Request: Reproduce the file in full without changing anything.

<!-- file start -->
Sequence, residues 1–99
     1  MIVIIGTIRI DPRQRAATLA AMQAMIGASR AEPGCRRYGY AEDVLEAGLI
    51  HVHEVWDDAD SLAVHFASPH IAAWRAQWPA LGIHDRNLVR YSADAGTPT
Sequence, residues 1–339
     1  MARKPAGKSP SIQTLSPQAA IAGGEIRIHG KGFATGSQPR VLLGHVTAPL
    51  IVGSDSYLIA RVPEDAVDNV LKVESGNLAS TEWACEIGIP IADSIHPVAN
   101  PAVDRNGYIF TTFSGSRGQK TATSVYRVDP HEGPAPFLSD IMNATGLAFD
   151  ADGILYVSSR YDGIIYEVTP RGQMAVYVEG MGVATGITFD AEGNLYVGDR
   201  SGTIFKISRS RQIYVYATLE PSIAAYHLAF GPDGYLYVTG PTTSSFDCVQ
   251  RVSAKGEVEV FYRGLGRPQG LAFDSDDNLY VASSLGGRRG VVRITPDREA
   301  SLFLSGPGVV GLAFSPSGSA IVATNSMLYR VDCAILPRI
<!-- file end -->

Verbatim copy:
Sequence, residues 1–99
     1  MIVIIGTIRI DPRQRAATLA AMQAMIGASR AEPGCRRYGY AEDVLEAGLI
    51  HVHEVWDDAD SLAVHFASPH IAAWRAQWPA LGIHDRNLVR YSADAGTPT
Sequence, residues 1–339
     1  MARKPAGKSP SIQTLSPQAA IAGGEIRIHG KGFATGSQPR VLLGHVTAPL
    51  IVGSDSYLIA RVPEDAVDNV LKVESGNLAS TEWACEIGIP IADSIHPVAN
   101  PAVDRNGYIF TTFSGSRGQK TATSVYRVDP HEGPAPFLSD IMNATGLAFD
   151  ADGILYVSSR YDGIIYEVTP RGQMAVYVEG MGVATGITFD AEGNLYVGDR
   201  SGTIFKISRS RQIYVYATLE PSIAAYHLAF GPDGYLYVTG PTTSSFDCVQ
   251  RVSAKGEVEV FYRGLGRPQG LAFDSDDNLY VASSLGGRRG VVRITPDREA
   301  SLFLSGPGVV GLAFSPSGSA IVATNSMLYR VDCAILPRI